South Korean artist Jung Kwang Sik is internationally recognized for his masterful fusion of painting and sculpture, using slabs of granite to create extraordinarily detailed depictions of lush countrysides and serene coastlines.

Native to South Korea and trained in Italy, Kwang Sik’s gift for sculpting vivid, three-dimensional vistas alludes to his background in stage design.

His unique technique of carving and scratching beds of granite into scenic portrayals of valleys, streams, mountains and diminutive houses, which he then paints with acrylic, creates a complete and fluid vision of landscapes as one might see them from 30,000 feet.

Emotional and poignant, Kwang Sik’s View 37 seems to capture the unsuspecting tranquility of a village just before a tsunami crashes on the shore.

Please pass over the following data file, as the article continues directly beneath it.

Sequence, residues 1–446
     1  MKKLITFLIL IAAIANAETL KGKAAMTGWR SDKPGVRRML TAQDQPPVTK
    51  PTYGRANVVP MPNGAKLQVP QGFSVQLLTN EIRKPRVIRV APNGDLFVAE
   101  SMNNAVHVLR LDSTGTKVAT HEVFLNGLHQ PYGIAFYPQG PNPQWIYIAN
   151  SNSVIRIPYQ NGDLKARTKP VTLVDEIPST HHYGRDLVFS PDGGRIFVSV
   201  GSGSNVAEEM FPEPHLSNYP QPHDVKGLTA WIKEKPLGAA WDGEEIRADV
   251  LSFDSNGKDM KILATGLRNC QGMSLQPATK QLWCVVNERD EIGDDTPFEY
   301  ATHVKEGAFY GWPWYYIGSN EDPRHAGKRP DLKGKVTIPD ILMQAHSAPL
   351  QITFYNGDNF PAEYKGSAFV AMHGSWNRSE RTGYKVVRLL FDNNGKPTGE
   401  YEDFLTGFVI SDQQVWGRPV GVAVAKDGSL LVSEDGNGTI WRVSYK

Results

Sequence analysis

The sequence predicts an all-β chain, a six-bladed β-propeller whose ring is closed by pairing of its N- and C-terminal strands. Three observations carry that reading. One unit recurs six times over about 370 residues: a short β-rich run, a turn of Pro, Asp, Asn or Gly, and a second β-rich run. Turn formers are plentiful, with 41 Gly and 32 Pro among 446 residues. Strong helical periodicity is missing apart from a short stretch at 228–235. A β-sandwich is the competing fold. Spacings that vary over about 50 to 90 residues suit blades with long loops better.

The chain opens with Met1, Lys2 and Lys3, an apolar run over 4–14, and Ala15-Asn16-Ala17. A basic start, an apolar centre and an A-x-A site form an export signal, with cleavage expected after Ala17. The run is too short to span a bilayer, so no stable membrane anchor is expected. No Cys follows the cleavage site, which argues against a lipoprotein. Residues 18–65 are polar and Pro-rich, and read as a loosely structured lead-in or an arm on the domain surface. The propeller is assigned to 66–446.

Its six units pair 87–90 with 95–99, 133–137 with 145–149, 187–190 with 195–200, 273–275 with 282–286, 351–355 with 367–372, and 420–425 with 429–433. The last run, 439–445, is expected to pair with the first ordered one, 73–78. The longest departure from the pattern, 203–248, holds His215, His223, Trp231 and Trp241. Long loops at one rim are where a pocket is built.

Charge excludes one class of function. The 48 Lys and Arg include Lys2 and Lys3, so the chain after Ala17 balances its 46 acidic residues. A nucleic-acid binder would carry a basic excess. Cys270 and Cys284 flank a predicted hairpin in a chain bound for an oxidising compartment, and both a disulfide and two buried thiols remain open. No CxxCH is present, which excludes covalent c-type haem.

His brilliant use of color, light and shape keenly capture the motion of water and wind in nature.

Atlanta’s Bill Lowe Gallery will host the first ever exhibition of Kwang Sik’s work in the United States.

Acclaimed throughout Korea and Southeast Asia, Kwang Sik’s mastery of stone carving has won recognition among critics and placement of his work in sculpture gardens in Turkey and Lebanon.

Taeman Choi, former director of Korea’s Busan Biennale, said of Kwang Sik, “His works contain the scenery and that’s why his works remind you of natural scenery when you look at them.

If the stone plates were not colored, they could be thought of as scenery in the beginning of world.” Jung has expressed the desire to capture the ebb and flow, the eternal and the universal rhythm of the relationship between man and our world.